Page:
This is a partial list of songs popular during the era of primary westward emigration (1835-1870). Listed dates are years of publication or copyright, or year the song is documented as having come into popular use by having been mentioned in newspapers or other printed literature. Some are popular tunes without lyrics. All are likely to have been known by emigrants and sung around wagon camps, as publication and distribution of sheet music and performances by traveling entertainers usually spread the knowledge of new songs throughout the country within a few months. Popular music of the time included many church hymns and revival songs, numerous songs by composer Stephen Foster (1826-1864), songs introduced on tours by Jenny Lind, the Christy Minstrels, the Hutchinson Family and other famous singers, and songs related to political issues and to the Civil War. Many of these songs, because of the era in which they were written, contain lyrics demeaning to various racial groups - especially African-Americans. Slavery and the tradition of "blackface" minstrels are reflected in lyrics, and in some cases - especially Stephen Foster classics - altered lyrics have been accepted by the modern public (ex: substituting "people" for "darkies"). If using traditional, historic lyrics, it is advisable to include an introduction explaining the historical context that brought about popular usage of negative slang terms. Songs written pre-1835, and traditional folk songs still popular in mid-19th century: "My Country 'Tis of Thee"(1832), "Home, Sweet Home"(1823), "Yankee Doodle" (1750), "Go Tell Aunt Rhody the Old Gray Goose is Dead", "Skip to My Lou", "London Bridge", "The Wayfaring Stranger", "Wondrous Love"(hymn), "The Riddle Song (I bought my love...)", "The Cambric Shirt (parsley, sage, rosemary and thyme)".

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Year

1835 1837 1838 1840 1841 1843 1844 1846 1847 1848 1849 1850 1851 1852 1853 1854 1855 1856 1857 1858 1859 1860 1861 1862

Songs written that year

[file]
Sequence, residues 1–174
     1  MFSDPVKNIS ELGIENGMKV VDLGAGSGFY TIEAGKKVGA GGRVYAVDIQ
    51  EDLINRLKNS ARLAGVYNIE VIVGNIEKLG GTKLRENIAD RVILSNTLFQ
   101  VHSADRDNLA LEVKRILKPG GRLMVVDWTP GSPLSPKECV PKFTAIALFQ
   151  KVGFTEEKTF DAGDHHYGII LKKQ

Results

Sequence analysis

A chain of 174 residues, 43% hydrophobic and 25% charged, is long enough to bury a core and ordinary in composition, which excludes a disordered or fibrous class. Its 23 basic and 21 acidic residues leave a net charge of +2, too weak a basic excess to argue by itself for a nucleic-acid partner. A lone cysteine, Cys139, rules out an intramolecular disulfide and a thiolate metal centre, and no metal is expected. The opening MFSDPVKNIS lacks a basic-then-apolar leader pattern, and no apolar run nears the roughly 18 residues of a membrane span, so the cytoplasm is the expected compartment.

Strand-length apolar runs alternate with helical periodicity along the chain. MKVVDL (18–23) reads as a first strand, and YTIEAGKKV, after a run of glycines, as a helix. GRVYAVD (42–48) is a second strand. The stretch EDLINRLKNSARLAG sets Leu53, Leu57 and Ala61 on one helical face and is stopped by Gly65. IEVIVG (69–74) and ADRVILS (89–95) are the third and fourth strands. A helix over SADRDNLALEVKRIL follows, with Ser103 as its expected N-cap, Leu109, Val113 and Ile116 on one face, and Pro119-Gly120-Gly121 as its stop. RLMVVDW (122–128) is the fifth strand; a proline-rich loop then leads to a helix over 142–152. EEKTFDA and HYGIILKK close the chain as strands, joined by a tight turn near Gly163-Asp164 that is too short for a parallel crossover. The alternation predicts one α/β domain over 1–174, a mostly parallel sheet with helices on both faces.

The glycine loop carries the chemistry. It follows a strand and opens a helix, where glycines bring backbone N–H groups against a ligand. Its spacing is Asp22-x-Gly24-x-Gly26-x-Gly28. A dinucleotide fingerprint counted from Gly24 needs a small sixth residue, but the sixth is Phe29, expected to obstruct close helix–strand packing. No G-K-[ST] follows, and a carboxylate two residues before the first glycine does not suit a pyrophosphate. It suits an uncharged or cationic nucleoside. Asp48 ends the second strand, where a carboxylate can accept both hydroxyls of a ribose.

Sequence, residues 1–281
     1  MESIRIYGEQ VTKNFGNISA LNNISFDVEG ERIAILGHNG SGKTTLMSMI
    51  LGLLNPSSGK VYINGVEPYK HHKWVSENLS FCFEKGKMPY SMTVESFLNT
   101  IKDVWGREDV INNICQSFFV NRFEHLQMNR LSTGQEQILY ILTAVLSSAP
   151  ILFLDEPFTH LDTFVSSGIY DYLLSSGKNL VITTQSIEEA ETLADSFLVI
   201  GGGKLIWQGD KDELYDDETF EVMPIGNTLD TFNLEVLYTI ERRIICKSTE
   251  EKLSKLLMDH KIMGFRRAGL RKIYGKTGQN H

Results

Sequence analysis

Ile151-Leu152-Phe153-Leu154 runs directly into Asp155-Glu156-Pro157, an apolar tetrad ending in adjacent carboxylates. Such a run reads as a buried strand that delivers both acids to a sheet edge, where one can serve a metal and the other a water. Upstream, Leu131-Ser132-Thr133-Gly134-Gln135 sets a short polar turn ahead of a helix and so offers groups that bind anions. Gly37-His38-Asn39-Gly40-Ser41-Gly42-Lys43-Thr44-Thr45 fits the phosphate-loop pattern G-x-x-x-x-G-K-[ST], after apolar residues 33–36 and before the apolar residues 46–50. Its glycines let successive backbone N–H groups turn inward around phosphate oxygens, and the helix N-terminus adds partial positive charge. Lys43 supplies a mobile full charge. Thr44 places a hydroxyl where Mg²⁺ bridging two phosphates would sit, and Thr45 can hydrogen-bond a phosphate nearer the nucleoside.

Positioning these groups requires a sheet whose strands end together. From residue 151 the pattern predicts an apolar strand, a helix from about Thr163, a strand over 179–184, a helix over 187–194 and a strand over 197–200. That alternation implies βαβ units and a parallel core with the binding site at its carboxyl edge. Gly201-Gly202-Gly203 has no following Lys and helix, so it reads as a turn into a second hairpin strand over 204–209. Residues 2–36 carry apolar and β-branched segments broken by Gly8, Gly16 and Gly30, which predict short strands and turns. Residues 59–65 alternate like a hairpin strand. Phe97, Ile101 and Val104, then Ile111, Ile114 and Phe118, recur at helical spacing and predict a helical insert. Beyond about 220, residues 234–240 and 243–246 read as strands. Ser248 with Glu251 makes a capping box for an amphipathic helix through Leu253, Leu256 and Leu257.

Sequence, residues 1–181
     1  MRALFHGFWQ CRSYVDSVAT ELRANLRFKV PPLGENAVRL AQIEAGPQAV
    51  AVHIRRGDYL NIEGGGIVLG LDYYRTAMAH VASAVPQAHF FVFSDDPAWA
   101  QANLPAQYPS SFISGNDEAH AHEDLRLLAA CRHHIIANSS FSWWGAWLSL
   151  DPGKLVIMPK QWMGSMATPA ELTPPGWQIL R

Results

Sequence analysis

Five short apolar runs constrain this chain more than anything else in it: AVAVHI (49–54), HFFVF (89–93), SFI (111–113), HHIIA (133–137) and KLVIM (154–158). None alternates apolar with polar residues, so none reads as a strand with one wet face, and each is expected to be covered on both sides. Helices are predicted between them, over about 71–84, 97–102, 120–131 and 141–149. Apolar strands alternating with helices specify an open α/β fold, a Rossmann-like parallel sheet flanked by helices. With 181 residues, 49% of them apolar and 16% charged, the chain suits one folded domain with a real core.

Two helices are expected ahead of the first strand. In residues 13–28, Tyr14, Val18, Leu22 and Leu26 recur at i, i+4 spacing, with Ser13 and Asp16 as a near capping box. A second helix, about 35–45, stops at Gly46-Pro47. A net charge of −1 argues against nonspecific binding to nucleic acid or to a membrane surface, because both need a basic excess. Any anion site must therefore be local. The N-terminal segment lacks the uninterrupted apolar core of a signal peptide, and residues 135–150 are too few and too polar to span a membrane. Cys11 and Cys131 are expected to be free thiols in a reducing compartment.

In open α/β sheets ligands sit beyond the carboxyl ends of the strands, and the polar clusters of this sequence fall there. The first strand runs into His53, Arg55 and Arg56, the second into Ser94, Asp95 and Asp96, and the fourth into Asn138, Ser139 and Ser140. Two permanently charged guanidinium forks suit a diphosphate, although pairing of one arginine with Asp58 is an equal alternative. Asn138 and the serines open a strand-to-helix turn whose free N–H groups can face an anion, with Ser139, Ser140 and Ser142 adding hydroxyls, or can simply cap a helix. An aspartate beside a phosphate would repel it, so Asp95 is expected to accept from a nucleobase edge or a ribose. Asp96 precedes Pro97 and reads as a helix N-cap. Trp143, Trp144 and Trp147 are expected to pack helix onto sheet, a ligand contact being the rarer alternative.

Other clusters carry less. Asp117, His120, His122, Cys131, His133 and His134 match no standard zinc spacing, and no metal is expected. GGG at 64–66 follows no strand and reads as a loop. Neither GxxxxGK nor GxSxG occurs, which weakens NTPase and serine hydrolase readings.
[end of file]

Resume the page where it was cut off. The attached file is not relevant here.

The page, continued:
"Long, Long Ago" "Kathleen Mavoureen" "Old Rosin the Beau" "Woodman, Spare that Tree" "Vive la Compagnie" "Annie Laurie" "Flow Gently Sweet Afton" "A Life on the Ocean Wave" "The Two Grenadiers" "Rocked in the Cradle of the Deep" "The Old Arm Chair" "Tippecanoe and Tyler Too" Also, the saxophone was invented this year. "Niagara Falls" "Columbia, the Gem of the Ocean" "Stop Dat Knockin' at my Door" "The Old Granite State(tune of the hymn "The Old Church Yard") "Old Dan Tucker" "Excelsior" "The Blue Juanita" "Jim Crack Corn, or the Blue Tail Fly" "The Bridge of Sighs" "The Rose of Alabama" "The Last Rose of Summer" "Liebestraum" "Oh! Susanna!" "Ben Bolt, or Oh! Don't You Remember" "Old Uncle Ned" "Happy Farmer" "Santa Lucia" "Nelly was A Lady" "It Came upon the Midnight Clear" "Nelly Bly" "Camptown Races" "Cheer, Boys, Cheer" "Old Folks at Home" "Wait for the Wagon" "Massa's in de Cold, Cold Ground" "Lily Dale" "My Old Kentucky Home, Good Night" "Old Dog Tray" "The Hazel Dell" "Jeanie with the Light Brown Hair" "What is Home Without Mother" "Listen to the Mockingbird" "Star of the Evening" "Come Where My Love Lies Dreaming" "Rosalie, the Prairie Flower" "Darling Nelly Gray" "Gentle Annie" "Root, Hog, or Die" "We Three Kings of Orient" "Jingle Bells" "Mrs. Lofty and I" "The Yellow Rose of Texas" "The Old Grey Mare (Get Out of the Wilderness)" "Ave Maria" "Nearer My God to Thee" "Dixie" "La Paloma" "Old Black Joe" "The Glendy Burk" "Annie Lisle" "Tis but a Little Faded Flower" "Aura Lea" "Maryland, My Maryland" "The Vacant Chair" "John Brown's Body" "Battle Hymn of the Republic" "We've a Million in the Field" "We are Coming, Father Abraham, 300,000 More" "The Bonnie Blue Flag" "The Irish Jaunting Cart" "Drafted into the Army" The Taps bugle call composed and first used in this year. "When Johnny Comes Marching Home" "Clementine" "The Rock Island Line" "The Battle Cry of Freedom" "Just Before the Battle, Mother" "Babylon is Fallen" "Weeping, Sad and Lonely, or When This Cruel War is Over" "Beautiful Dreamer" "All Quiet Along the Potomac Tonight" "Tenting on the Old Camp Ground" "Tramp!Tramp!Tramp!" "When the War is Over, Mary" "Come Home, Father" "Wake Nicodemus!" "Der Deitcher's Dog (Where, Oh Where Has My Little Dog Gone)" "Ich Liebe Dich" "Marching Through Georgia" "Ellie Rhee" "We Parted by the River" "When You and I Were Young, Maggie" "The Flying Trapeze" "Sweet By and By" "O Little Town of Bethlehem" "The Little Brown Jug" "Shew, Fly, Don't Bother Me" "Sweet Genevieve"